Discussion Forums - Classic Literature

Topic: Are Classics ALWAYS Classics

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Date Posted: 12/6/2013 5:22 PM ET
Member Since: 10/17/2006
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Okay, if you're going to be a stickler on the point of a book's 'age', my next suggestion for a book for girls and young women from more than fifty years ago is A Lantern in Her Hand , by Bess Streeter Aldrich, from 1928.  (Probably Girl of the Limberlost, by Gene Stratton Porter, is old enough to qualify, too.  Over in Indiana, folks call it an "Indiana Classic."

And Edna Ferber's books may not be great 'literature', but they are good reading----especially Show Boat, Cimarron , and So Big.

True Grit was set in the "old days of the American West."



Last Edited on: 12/6/13 5:24 PM ET - Total times edited: 1
Date Posted: 12/9/2013 3:01 PM ET
Member Since: 3/27/2009
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True Grit is an awesome book.

Date Posted: 12/12/2013 11:45 AM ET
Member Since: 6/19/2007
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This may sound arrogant, but I think the failure to relate is mostly due to lack of imagination.  "Modern people can't relate to life back then" "Kids today can't relate to it" etc is just a way of limiting human experience, which is the opposite of what books are all about.  How is reading a book from another time different from reading a modern book set in a different country and culture?  Not every 'classic' book will speak to everyone but being old doesn't make it irrelevant.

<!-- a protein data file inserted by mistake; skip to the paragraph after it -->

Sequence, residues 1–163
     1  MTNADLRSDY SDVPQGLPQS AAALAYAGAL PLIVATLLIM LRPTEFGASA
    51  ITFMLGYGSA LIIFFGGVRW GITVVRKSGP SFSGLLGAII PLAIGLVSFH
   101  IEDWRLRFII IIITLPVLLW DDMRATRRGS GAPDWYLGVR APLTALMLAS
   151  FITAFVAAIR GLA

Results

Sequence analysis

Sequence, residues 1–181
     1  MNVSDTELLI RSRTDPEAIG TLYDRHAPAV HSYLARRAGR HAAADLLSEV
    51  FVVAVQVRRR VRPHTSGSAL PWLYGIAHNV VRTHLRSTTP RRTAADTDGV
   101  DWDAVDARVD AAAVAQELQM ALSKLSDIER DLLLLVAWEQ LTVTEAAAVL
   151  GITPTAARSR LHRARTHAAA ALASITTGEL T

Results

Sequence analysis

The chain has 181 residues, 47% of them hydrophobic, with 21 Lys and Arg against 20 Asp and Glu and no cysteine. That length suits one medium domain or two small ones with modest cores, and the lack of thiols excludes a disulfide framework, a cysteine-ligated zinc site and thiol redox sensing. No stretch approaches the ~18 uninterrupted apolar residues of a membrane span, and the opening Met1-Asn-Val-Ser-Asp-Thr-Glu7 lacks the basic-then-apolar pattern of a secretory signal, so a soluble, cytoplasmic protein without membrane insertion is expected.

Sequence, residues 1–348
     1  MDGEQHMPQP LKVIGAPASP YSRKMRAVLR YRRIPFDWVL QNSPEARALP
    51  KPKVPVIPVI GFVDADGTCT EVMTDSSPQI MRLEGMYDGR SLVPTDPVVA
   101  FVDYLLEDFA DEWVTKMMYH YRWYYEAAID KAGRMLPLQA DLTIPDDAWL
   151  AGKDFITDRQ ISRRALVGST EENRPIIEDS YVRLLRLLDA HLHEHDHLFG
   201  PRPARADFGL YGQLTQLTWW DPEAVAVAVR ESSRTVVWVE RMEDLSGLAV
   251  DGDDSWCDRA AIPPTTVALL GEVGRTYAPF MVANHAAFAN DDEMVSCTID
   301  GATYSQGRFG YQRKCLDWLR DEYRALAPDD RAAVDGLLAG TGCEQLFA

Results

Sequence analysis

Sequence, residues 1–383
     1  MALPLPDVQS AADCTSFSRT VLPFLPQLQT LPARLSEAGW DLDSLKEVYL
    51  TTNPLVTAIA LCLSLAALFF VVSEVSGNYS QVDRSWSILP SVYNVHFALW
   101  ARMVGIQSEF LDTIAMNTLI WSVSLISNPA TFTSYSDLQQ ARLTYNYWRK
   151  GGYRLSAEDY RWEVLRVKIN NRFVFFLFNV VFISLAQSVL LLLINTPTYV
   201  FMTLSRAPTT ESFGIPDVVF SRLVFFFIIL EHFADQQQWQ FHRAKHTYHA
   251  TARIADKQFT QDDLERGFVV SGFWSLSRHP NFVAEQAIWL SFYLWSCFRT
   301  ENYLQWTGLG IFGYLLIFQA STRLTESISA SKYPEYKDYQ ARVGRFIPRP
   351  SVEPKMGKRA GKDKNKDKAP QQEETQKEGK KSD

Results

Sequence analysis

Date Posted: 12/12/2013 6:13 PM ET
Member Since: 10/17/2006
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I just remembered a book originally published in 1884----Ramona, by Helen Hunt Jackson.   A strong influence on the author was her friend, Harriet Beecher Stowe, author of Uncle Tom's Cabin.  Mrs. Jackson said that she hoped her book might do for the Indian what Mrs. Stowe's book had done for the Negro.  At any rate, she was a strong advocate for the Mission Indians, and shined a spotlight on the mistreatment of that group.  This historical romance tells of the trials and tribulations of an 'inter-racial' couple in California.   I think it's still a worthwhile read.



Last Edited on: 12/12/13 6:13 PM ET - Total times edited: 1
Date Posted: 12/12/2013 7:13 PM ET
Member Since: 9/14/2009
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 ...I think the failure to relate is mostly due to lack of imagination.